Not that this new era of superhero dominance has shied away from real issues and political realities. In fact some of these films and comic books have provided us with the vocabulary needed to discuss pertinent real-life issues: the use of American-made weapons in the Middle East (Iron Man), the Patriot Act (Civil War), post-9/11 panic (the Batman trilogy).
What does the future hold for superheroes? As economies begin to boom once more will our reliance on superheroes wane once again? DC, Marvel and their respective films studios would hope not. Over the course of the next five years twenty nine superhero films are slated for release – seven of them coming this year alone.
A theme that has already started to emerge is that of greater public involvement. The past decade or so has seen the appearance of real-life superheroes (RLSH) – individuals who don capes, perform community service and fight crime. Most are based in America and their cause has been helped by the recession along with films such as Kick-Ass. Their emergence certainly owes a lot to the internet and the democratising effects of social media. In the same way we are no longer dependent on trained journalists for news or records labels for access to music, we are also no longer dependent on the police for justice. Likewise, the last few years have also seen an increase in comic-book themed videogames. Games like City of Heroes enable the user to create their own superhero and role-play as their crime-fighting alter ego.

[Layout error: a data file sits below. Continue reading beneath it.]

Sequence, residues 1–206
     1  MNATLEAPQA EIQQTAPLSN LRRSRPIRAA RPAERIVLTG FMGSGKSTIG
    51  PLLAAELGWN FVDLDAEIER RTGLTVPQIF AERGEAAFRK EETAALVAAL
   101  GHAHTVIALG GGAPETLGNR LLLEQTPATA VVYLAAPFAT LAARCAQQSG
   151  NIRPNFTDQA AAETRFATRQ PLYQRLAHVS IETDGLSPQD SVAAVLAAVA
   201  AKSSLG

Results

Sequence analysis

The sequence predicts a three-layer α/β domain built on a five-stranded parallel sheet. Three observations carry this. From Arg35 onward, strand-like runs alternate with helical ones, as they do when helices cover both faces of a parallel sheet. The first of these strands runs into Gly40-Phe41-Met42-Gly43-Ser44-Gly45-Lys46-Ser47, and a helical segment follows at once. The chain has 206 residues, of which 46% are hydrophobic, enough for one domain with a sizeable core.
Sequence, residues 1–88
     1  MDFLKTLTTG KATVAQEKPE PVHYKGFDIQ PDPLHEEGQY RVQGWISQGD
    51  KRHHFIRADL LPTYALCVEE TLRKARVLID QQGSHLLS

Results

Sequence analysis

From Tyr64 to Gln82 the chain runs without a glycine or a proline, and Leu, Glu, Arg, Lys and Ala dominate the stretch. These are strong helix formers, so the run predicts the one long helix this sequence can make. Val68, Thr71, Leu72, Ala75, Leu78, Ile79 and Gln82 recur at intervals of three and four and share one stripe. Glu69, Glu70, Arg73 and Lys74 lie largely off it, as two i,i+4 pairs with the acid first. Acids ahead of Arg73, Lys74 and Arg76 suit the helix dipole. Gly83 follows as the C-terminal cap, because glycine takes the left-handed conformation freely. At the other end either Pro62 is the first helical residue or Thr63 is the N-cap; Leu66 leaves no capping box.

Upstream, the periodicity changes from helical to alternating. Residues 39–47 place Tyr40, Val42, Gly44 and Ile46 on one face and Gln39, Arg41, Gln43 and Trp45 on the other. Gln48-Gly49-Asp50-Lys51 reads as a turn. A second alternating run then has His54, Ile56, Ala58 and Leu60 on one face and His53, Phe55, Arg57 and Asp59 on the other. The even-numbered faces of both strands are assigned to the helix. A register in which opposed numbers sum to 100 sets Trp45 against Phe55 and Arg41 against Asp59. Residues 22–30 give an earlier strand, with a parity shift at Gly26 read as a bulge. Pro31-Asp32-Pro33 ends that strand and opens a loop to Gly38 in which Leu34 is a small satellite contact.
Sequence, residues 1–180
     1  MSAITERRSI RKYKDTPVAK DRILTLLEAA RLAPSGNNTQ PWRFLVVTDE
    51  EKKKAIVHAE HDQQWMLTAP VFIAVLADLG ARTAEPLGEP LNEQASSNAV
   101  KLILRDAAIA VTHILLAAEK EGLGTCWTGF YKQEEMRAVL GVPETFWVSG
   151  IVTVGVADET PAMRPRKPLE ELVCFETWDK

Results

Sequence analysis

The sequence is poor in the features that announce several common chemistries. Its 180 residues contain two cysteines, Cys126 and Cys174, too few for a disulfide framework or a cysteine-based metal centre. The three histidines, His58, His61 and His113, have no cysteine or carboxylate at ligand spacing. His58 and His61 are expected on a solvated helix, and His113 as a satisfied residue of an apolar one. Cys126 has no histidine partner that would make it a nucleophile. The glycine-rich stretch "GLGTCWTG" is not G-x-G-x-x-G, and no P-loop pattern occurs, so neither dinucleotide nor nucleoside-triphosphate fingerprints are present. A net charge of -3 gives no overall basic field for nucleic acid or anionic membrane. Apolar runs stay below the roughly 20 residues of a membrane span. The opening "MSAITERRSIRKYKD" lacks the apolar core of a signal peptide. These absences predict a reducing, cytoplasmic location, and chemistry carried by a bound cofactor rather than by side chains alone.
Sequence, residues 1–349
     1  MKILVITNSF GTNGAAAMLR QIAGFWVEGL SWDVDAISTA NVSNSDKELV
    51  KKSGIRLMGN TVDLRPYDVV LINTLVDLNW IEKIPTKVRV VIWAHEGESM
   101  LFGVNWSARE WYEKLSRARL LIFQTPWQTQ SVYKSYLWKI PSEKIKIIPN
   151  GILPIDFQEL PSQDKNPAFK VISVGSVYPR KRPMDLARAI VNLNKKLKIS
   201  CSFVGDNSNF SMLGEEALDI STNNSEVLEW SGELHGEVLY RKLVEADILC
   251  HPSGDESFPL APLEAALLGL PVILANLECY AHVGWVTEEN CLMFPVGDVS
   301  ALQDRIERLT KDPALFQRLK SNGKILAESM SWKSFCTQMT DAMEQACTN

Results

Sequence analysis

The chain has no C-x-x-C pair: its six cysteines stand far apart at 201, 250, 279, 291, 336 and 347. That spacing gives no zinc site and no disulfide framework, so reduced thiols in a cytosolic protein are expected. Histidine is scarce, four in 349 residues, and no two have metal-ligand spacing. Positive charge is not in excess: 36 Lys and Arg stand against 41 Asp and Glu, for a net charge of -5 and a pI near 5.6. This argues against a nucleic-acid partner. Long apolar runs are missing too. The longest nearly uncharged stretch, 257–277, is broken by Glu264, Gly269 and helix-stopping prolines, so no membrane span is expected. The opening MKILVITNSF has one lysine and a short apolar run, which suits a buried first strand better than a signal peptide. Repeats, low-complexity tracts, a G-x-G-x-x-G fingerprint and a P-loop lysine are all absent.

Another trend is that of social responsibility and accountability. In the aftermath of the Battle for New York where parts of Manhattan were destroyed and many civilians were killed, those who were critical of superheroes come to the fore. There were talks of regulating superheroes and of making them pay for the suffering they had caused. It is a theme that DC/Warner Bros will also explore in Batman v Superman in light of the destruction caused by Superman in his last outing. Perhaps this reflects our own desires to hold those with power responsible for the damage they cause.
What started out as the classic immigrant stories of the Great Depression has now become a decidedly mainstream and profitable art form. From Superman, the outsider who was transformed into the ultimate symbol of American life, to Phoenix Jones, the real-life cape-wearing vigilante from Seattle, superheroes continue to engage and inform us in all their guises. Whether they will maintain their dominant status in our cultural landscape, however, has yet to be seen.